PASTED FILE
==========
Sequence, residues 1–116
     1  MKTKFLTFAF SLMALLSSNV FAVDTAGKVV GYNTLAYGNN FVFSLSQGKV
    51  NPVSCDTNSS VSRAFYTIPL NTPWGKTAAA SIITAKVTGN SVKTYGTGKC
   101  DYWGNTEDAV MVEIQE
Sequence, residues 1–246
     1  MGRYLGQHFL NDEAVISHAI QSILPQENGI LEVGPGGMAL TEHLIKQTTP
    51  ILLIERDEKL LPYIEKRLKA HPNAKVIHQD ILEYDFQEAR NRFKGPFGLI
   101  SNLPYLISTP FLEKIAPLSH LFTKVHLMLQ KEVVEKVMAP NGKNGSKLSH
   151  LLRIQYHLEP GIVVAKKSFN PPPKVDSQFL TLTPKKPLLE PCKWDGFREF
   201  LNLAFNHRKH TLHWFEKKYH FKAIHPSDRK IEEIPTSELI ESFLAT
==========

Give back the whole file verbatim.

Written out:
Sequence, residues 1–116
     1  MKTKFLTFAF SLMALLSSNV FAVDTAGKVV GYNTLAYGNN FVFSLSQGKV
    51  NPVSCDTNSS VSRAFYTIPL NTPWGKTAAA SIITAKVTGN SVKTYGTGKC
   101  DYWGNTEDAV MVEIQE
Sequence, residues 1–246
     1  MGRYLGQHFL NDEAVISHAI QSILPQENGI LEVGPGGMAL TEHLIKQTTP
    51  ILLIERDEKL LPYIEKRLKA HPNAKVIHQD ILEYDFQEAR NRFKGPFGLI
   101  SNLPYLISTP FLEKIAPLSH LFTKVHLMLQ KEVVEKVMAP NGKNGSKLSH
   151  LLRIQYHLEP GIVVAKKSFN PPPKVDSQFL TLTPKKPLLE PCKWDGFREF
   201  LNLAFNHRKH TLHWFEKKYH FKAIHPSDRK IEEIPTSELI ESFLAT